The Los Angeles Dodgers clinched the National League West regular season championship last night by beating their divisional rivals, the Arizona Diamondbacks. Traditionally, when such moments occur away from the winner’s home park, they are celebrated with a happy mob scene around the pitcher’s mound and then a retreat to the clubhouse, where campaign and revelry reign.
But not in the case of the 2013 Dodgers. Seeing the inviting swimming pool that is a unique center field feature of Chase Field, the giddy Dodger team jumped the fence and splashed into the pool to celebrate. The Arizona Republic, in an editorial today, accurately expressed the reaction of the Diamondback fans and community:
“In the interests of good sportsmanship, here’s to the 2013 National League West Division champs.Congratulations are in order. Even to a bunch as classless as the Los Angeles Dodgers, the first players not wearing Diamondbacks uniforms to celebrate a championship by diving into the Chase Field pool. Informally, the Arizona Diamondbacks management had asked their Dodgers counterparts, should their lads clinch the division at Chase Field, to kindly celebrate in the clubhouse until the fans cleared out. For safety’s sake. Well, the Diamondbacks got their answer. Effectively: We got some “safety,” for you. Right here….” Continue reading →
The only surprising aspect of the news yesterday that former baseball slugger-savant Manny Ramirez had been arrested for allegedly slugging his wife—the one alleging being said wife—is that any baseball fans were surprised. If anything was written in the Book of Fate, it was that this man, so completely lacking in respect for basic ethical values, was destined for trouble with the law.
While he was playing, of course, Manny’s uncivilized and cheerful contempt for basic rules and principles of right and wrong were tolerated by his employers, amused sportswriters and evoked cheers from fans. He was a great, great hitter, you see: who cares if he was habitually rude, unprofessional, slovenly, careless, disloyal, disrespectful and above all, selfish to his core? Look! He’s having fun! Isn’t that charming? Stop harping on little details, like hustling, sportsmanship, or being honest. Let Manny be Manny! Continue reading →
Manny Ramirez, the now-retired ex-baseball slugger, provoked the predictable responses from the media and fellow players in the wake of his sudden retirement after being notified that he would be the first major league player to face a 100 game suspension for failing a mandated PED test (that’s “performance enhancing drugs” for all of you who don’t know who Barry Bonds is), because no player had ever been caught TWICE before.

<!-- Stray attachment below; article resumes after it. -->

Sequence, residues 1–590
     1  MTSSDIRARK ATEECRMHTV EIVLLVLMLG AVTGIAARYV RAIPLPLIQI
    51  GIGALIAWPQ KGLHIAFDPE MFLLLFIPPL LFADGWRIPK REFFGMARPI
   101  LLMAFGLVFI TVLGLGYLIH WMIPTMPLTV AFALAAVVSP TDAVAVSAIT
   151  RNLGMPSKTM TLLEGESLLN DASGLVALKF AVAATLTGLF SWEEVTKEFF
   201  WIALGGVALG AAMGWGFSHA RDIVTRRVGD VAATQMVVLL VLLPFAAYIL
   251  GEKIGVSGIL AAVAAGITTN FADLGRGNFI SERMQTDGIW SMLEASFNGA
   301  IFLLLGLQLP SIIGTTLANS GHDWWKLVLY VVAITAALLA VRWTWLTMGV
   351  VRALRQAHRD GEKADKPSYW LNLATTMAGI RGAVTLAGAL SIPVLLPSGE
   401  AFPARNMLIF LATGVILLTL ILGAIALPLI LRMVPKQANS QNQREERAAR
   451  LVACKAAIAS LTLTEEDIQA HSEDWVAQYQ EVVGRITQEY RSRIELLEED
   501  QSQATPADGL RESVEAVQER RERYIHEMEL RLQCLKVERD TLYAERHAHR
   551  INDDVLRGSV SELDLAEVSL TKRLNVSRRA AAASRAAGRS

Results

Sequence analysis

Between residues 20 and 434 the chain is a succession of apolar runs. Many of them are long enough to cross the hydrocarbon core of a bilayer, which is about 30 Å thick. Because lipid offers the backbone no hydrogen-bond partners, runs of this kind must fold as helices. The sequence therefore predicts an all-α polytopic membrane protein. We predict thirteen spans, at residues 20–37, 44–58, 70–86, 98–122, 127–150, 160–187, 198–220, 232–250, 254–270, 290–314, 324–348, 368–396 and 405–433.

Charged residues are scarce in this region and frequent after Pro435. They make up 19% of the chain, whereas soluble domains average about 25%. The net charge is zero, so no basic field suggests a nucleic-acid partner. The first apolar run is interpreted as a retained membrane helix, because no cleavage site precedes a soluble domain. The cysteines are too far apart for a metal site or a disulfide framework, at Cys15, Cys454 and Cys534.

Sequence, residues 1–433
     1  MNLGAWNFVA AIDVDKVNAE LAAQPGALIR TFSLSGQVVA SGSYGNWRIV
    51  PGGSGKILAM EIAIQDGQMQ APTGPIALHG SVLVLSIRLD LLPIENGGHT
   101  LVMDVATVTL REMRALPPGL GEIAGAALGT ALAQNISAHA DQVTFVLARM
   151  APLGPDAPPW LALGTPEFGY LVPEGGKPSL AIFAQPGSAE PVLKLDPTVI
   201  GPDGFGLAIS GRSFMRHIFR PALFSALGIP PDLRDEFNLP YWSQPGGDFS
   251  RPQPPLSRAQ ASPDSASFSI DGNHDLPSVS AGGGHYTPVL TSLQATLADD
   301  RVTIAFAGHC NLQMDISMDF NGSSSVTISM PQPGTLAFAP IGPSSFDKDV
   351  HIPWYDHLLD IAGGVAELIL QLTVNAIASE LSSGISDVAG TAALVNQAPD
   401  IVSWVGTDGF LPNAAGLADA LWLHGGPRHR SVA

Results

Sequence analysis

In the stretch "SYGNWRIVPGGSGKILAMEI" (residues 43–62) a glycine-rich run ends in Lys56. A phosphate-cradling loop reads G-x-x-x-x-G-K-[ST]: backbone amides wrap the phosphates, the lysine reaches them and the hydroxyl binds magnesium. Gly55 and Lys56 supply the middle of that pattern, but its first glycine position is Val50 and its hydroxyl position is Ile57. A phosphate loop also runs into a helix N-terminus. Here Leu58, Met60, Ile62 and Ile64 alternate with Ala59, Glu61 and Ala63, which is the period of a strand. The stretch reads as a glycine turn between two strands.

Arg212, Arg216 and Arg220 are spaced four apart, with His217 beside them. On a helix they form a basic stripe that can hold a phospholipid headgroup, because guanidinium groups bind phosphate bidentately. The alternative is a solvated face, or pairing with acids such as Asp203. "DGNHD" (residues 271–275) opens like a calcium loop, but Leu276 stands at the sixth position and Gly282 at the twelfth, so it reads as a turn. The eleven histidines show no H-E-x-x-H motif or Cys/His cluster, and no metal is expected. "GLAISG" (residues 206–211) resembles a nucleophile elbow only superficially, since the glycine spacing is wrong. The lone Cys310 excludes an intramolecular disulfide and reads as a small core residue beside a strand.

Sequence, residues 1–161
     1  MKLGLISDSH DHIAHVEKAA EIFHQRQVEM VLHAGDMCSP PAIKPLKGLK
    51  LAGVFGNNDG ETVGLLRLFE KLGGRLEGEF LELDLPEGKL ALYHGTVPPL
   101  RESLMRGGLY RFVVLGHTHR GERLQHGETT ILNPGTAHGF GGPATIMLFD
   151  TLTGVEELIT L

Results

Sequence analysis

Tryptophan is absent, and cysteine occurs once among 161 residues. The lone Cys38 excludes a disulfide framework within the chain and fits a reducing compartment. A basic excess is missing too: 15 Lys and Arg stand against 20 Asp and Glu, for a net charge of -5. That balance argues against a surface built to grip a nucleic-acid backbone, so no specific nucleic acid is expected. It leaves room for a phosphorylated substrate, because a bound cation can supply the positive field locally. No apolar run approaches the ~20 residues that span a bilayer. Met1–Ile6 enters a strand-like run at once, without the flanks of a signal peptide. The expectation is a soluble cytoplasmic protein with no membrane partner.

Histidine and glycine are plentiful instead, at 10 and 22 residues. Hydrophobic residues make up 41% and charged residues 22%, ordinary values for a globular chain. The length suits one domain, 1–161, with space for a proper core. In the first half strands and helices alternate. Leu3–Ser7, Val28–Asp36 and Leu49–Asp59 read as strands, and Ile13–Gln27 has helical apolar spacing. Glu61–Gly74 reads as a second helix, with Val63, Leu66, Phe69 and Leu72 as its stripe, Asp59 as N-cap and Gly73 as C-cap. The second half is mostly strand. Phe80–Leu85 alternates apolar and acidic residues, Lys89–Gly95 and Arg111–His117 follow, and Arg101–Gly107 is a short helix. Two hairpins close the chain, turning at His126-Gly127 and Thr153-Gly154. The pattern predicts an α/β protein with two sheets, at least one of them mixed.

The most unethical baseball player since the Black Sox
From Major League Baseball:
“Major League Baseball recently notified Manny Ramirez of an issue under Major League Baseball’s Joint Drug Prevention and Treatment Program. Rather than continue with the process under the Program, Ramirez has informed MLB that he is retiring as an active player. If Ramirez seeks reinstatement in the future, the process under the Drug Program will be completed. MLB will not have any further comment on this matter.”
Manny Ramirez was an impressively talented baseball player with discipline of an untrained Irish Setter, and the selfishness of a six-year-old. Throughout his career, he was a textbook example of the management fallacy known as the star principle, in which an extremely talented individual is allowed to break the rules and defy an organization’s culture in direct proportion to his perceived value. Continue reading →
Two habitual bad actors in the world of entertainment apologized this week, for similar reasons and with equivalent credibility.
First, baseball slugger Manny Ramirez issued an apology to his former team once removed, The Boston Red Sox, for forcing the team to trade him in the middle of the 2008 pennant race because Manny was faking injuries, refusing to hustle during game, assaulting employees, and poisoning team morale and discipline. “I think everything was my fault,” Ramirez said. “You’ve got to be a real man to realize when you do wrong. Hey, it was my fault, right? I’m already past that stage. I’m happy. I’m in a new team,” Manny told reporters. He was with a new team, all right: the Dodgers, his previous team, let him go to the Chicago White Sox for nothing because, well, he was faking injuries, dogging it in the field…same act, different stage. So what was the apology about?
Manny, or more likely his agent, realizes this most recent break with a team as the result of his habitually juvenile and unprofessional attitude might cost him a lot of money at contract time—Ramirez is a free agent after all. So contrition was called for—two full years after he laughed off any suggestions that he was at fault for the Boston debacle, and proved that he had been loafing on the field by playing in L.A. like he was on fire. This isn’t an apology; it’s damage control, and thus is a deceitful and dishonest apology that has nothing whatsoever to do with genuine regret. The big tip-off is that Ramirez felt he had to explain why his apology was so admirable. Yes, Manny, you have to be a real man to admit you’re wrong; a real jerk to fake an apology to fool a future employer into believing that you’ve turned over a new leaf, and real fool to believe anyone will fall for it.
As it so often does, the world of sport is presenting us with a clear ethical conflict tomorrow night—one of those times when we have to prioritize ethical values, and decide which is more important in our culture, because if we meet one, we violate another.
Manny Ramirez will be returning to Boston’s Fenway Park in a Dodger uniform, as Boston hosts Los Angeles in an inter-league contest. Continue reading →